Another question regarding the same topic: I am building a system with 3-5 (amount of drives will depend on the answers I get here) 750Gb drives in a RAID-5 config (on a nforce 790i ultra board). I intend to run both XP 32bit and Vista 64bit in dualboot.

It still is unclear for me whether this 2TB limit is per partition, per drive or per array/total drive size in the system?

Even with 3 drives, the array will be larger than 2TB, so what will happen if want to run XP and Vista each from their own small partition and use the rest of the array as shared data partitions? Can I use the full size of the array (also with 5 drives in RAID-5, bringing the total size to over 3.5TB)? As this is my first experience with RAID-5 (my current system runs 2 120Gb drives in RAID-0), I also wonder whether it will be possible (with my hardware) to create multiple arrays over the drives (i.e. use half of the size from each drive to have 2 1.75TB arrays spread over 5 drives)?

Is an additional drive, which will not be included in the RAID array required to have the OS-es on them to act as a boot drive?

I know that it are a lot of questions, I hope there are people around who can help me out. Thanks in advance!



sdgthy

@optonline.net

said by cethegus :

It still is unclear for me whether this 2TB limit is per partition, per drive or per array/total drive size in the system?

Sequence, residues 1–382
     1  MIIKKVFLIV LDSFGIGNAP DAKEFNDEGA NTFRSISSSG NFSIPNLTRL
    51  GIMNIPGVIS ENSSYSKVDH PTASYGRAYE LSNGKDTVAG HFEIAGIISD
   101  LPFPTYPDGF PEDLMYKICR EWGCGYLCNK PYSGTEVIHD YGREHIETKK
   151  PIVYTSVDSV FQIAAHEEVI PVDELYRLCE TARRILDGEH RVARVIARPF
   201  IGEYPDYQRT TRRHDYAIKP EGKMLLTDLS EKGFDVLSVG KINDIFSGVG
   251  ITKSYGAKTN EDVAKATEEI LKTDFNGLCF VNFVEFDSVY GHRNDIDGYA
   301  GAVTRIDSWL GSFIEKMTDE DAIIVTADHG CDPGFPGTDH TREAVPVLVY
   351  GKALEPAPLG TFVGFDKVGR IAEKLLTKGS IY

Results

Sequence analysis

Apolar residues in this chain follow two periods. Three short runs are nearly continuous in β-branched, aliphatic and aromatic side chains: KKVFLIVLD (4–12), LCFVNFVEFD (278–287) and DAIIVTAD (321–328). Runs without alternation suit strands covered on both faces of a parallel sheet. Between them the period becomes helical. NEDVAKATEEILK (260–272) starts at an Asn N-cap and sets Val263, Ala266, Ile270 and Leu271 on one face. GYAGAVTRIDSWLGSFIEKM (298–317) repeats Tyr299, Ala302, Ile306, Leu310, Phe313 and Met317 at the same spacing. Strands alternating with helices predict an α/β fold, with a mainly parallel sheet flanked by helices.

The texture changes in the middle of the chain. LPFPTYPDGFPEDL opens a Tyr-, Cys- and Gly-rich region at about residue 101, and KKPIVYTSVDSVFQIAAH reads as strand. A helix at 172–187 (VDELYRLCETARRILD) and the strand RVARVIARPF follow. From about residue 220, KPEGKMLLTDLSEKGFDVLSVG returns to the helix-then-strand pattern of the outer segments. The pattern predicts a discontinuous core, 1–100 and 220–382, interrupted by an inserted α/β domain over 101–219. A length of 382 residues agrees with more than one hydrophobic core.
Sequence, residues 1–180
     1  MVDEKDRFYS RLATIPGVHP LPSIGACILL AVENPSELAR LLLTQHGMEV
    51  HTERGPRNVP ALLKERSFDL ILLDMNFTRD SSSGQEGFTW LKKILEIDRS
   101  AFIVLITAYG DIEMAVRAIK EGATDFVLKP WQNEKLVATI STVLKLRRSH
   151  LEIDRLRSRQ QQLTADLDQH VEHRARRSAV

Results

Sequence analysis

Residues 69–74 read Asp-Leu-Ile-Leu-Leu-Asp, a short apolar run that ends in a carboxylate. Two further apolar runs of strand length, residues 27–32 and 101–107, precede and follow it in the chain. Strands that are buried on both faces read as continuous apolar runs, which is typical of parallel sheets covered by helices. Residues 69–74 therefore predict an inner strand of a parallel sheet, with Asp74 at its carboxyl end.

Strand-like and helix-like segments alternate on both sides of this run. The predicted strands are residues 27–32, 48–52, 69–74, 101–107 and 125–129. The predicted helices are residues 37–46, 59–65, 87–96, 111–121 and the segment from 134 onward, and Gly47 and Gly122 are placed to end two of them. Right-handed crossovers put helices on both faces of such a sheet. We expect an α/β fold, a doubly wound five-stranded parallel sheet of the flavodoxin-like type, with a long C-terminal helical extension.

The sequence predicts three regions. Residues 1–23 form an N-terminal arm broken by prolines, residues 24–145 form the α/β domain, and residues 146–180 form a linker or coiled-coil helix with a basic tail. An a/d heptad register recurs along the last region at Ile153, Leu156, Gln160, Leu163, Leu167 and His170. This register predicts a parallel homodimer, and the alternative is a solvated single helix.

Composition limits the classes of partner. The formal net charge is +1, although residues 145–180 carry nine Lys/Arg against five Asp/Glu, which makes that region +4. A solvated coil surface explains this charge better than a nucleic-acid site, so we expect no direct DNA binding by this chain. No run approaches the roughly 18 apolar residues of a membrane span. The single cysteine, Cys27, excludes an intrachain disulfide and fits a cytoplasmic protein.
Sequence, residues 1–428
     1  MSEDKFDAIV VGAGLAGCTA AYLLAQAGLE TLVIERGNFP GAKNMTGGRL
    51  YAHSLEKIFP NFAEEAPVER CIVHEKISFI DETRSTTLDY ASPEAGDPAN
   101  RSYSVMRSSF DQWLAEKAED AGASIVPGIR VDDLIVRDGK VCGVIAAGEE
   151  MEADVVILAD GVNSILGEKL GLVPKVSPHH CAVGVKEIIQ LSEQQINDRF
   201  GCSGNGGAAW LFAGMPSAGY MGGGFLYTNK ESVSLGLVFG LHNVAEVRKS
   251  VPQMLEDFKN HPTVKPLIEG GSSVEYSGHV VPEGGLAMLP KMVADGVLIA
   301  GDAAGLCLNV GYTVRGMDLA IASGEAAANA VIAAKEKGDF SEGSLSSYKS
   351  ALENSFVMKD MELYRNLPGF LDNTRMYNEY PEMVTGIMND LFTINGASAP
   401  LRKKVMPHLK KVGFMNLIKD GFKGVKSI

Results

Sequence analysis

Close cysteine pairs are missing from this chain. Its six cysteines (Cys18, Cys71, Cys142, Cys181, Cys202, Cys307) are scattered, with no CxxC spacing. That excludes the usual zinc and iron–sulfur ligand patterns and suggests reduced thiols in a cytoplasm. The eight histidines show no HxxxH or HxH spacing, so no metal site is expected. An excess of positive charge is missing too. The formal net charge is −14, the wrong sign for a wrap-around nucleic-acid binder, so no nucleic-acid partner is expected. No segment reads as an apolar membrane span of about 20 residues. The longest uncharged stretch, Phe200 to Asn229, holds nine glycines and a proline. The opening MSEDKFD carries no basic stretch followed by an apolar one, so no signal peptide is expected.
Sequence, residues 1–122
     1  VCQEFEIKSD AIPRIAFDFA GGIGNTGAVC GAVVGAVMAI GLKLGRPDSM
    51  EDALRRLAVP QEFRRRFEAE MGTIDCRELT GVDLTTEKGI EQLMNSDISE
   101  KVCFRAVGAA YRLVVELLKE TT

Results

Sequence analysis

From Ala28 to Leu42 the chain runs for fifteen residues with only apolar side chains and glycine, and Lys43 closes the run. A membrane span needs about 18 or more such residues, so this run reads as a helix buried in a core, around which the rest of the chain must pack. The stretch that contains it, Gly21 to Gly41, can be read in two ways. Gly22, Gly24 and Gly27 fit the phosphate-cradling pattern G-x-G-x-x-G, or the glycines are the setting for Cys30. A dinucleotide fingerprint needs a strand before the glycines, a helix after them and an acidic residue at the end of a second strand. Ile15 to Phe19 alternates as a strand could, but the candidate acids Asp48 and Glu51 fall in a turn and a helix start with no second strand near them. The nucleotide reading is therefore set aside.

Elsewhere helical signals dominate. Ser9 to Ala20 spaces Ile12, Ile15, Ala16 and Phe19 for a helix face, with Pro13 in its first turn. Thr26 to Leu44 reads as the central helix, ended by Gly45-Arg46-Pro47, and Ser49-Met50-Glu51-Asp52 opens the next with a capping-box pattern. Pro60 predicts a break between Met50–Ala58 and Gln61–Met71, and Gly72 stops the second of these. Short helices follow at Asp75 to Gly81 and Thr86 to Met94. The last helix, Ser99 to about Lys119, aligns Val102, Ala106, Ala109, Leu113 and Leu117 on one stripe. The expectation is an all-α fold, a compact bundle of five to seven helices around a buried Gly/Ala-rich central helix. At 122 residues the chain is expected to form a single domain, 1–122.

I guess this brings up a good point. There is a limit to the total number of sectors that a MBR partition table can have. With the standard 512K sectors, that limit is about 2TB, which would be inclusive of all partitions on the drive/array. The partition table has a count of the start and end sectors of each partition, so you can not create a 2TB partition and then have another beyond that on a larger than 2TB drive.

Unless, of course, your OS can see a GPT partition. As far as Windows goes, support for GPT partitions started with XP64 and server 2k3.

said by cethegus :

Even with 3 drives, the array will be larger than 2TB, ...
With 750 drives, that would not be true. The drive size that the OS sees for a R5 array is (n-1n)*size. n being the number of drives that make up the array. So 3 750GB drives would be a 1.5TB array. See above, I have 4x750GB in R5 and Windows sees that as a 1.85TB drive.